Thursday, November 25, 2010

North Korea's Latest Insanity

The artillery barrage may be flashy, but it's what's happening at Yongbyon that's scary

North Korea has once again caught the world's attention, firing hundreds of artillery rounds into Yeonpyeong Island in the West Sea off the Korean Peninsula on Nov. 23, killing two South Korean soldiers and two civilians. That and the US nuclear scientist Siegfried Hecker's Nov. 12 report on the nuclear facilities in Yongbyon, North Korea, was enough to badly rattle the international community, except of course for China.

The North has introduced a new paradigm. While the shelling was distressing, the fact that the North has attained the capacity to manufacture nuclear weapons through its own centrifuges will shake the existing security structure of Northeast Asia. Now that the ability to stage a nuclear attack is at the core of the regime's survival, possession of nuclear weapons will inevitably upset the asymmetrical security environment of South Korea and Japan, both nuclear have-nots, while sharply igniting the possibility of new tensions and military clashes among the US, China, and Russia, all nuclear haves.

That is because the North's displaying its sophisticated centrifuges to the world plays into its continued emphasis in securing a "strong self-defense power." On top of this, the North has so far successfully put the marketing of nuclear proliferation fear at the center of the US administration, while attempting to break public morale in the South with spectacular, live TV displays that at once expose the South's widespread confusion.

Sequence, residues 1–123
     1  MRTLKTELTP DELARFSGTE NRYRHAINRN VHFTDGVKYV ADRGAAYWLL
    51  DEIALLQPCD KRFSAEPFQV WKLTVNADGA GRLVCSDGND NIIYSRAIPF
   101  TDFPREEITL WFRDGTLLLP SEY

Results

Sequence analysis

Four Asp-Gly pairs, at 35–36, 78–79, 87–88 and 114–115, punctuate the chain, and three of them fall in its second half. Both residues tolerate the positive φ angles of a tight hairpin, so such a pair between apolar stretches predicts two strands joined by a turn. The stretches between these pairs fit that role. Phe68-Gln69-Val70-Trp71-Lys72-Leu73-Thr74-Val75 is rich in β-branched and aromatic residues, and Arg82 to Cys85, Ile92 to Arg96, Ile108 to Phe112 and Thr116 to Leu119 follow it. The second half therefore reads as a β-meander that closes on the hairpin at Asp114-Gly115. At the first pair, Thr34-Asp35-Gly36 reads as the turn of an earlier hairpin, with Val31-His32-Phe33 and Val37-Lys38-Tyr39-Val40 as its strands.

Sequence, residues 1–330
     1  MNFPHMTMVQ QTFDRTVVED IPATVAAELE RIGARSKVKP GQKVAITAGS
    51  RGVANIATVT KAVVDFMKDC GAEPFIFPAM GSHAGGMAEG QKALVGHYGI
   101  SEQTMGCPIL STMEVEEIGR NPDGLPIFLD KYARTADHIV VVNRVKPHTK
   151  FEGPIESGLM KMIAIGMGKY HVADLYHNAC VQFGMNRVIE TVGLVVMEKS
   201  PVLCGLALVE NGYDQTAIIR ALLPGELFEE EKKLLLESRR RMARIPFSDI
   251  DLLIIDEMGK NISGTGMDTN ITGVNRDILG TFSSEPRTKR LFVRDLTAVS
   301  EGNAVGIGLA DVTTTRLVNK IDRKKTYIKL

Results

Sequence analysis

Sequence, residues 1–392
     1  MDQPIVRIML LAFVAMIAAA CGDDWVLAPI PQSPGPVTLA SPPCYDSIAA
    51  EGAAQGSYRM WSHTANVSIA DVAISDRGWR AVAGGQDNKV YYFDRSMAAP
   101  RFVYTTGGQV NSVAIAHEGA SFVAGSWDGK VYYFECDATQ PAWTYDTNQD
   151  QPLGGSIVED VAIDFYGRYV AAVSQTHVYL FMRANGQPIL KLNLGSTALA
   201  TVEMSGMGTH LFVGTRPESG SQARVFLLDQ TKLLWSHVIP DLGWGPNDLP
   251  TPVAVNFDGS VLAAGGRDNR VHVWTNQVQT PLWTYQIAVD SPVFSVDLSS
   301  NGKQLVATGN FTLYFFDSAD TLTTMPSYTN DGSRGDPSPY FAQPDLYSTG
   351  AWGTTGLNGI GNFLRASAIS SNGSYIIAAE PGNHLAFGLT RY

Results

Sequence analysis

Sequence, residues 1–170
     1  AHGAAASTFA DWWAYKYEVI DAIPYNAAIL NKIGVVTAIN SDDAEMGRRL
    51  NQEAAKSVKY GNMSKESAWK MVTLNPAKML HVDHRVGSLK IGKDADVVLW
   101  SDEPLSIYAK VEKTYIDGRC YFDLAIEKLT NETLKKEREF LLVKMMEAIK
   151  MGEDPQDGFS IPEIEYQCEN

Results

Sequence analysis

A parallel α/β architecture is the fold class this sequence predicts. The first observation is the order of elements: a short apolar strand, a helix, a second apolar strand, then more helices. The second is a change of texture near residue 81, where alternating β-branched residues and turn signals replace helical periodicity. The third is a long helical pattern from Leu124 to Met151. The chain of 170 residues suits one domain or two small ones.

After all, the nuclear threat draws a straight line toward the ontological question for numerous people in the South -- how to live together with a troubled and unpredictable nuke-armed North which has already lost currency with most of the world except for China, its protector.

It remains unclear whether China's lukewarm response will to dissuade the North from any further hostile activity. But with the North's third nuclear test, the now-nuclearized peninsula is severely exposed to high risk of disaster. South Korea now has more urgent concerns than exchanging a massive artillery barrage. They are worried about nuclear bombs going off in Seoul.

Hecker made four trips to the Yongbyon site out of his six visits to the North and he reportedly came away "stunned" at the size and technological progress of the North's home-made centrifuges. Nor is it just Hecker who was in shock. The US intelligence agencies also failed to find the operation with their state-of-art satellite technologies, nor did the South Korean ones.

Unlike plutonium-used weapons made through reprocessing after burning up rods containing filtered natural uranium, nuclear weapons development via enrichment does not need huge space or facilities. It is relatively easy to develop and operate the centrifuges clandestinely in the mountainous territories. It can be thus inferred that the North may have moved the centrifuges to the Yongbyon facility, a target of US intelligence agencies, after secretly completing them somewhere, since they were not evident when Hecker visited there last year.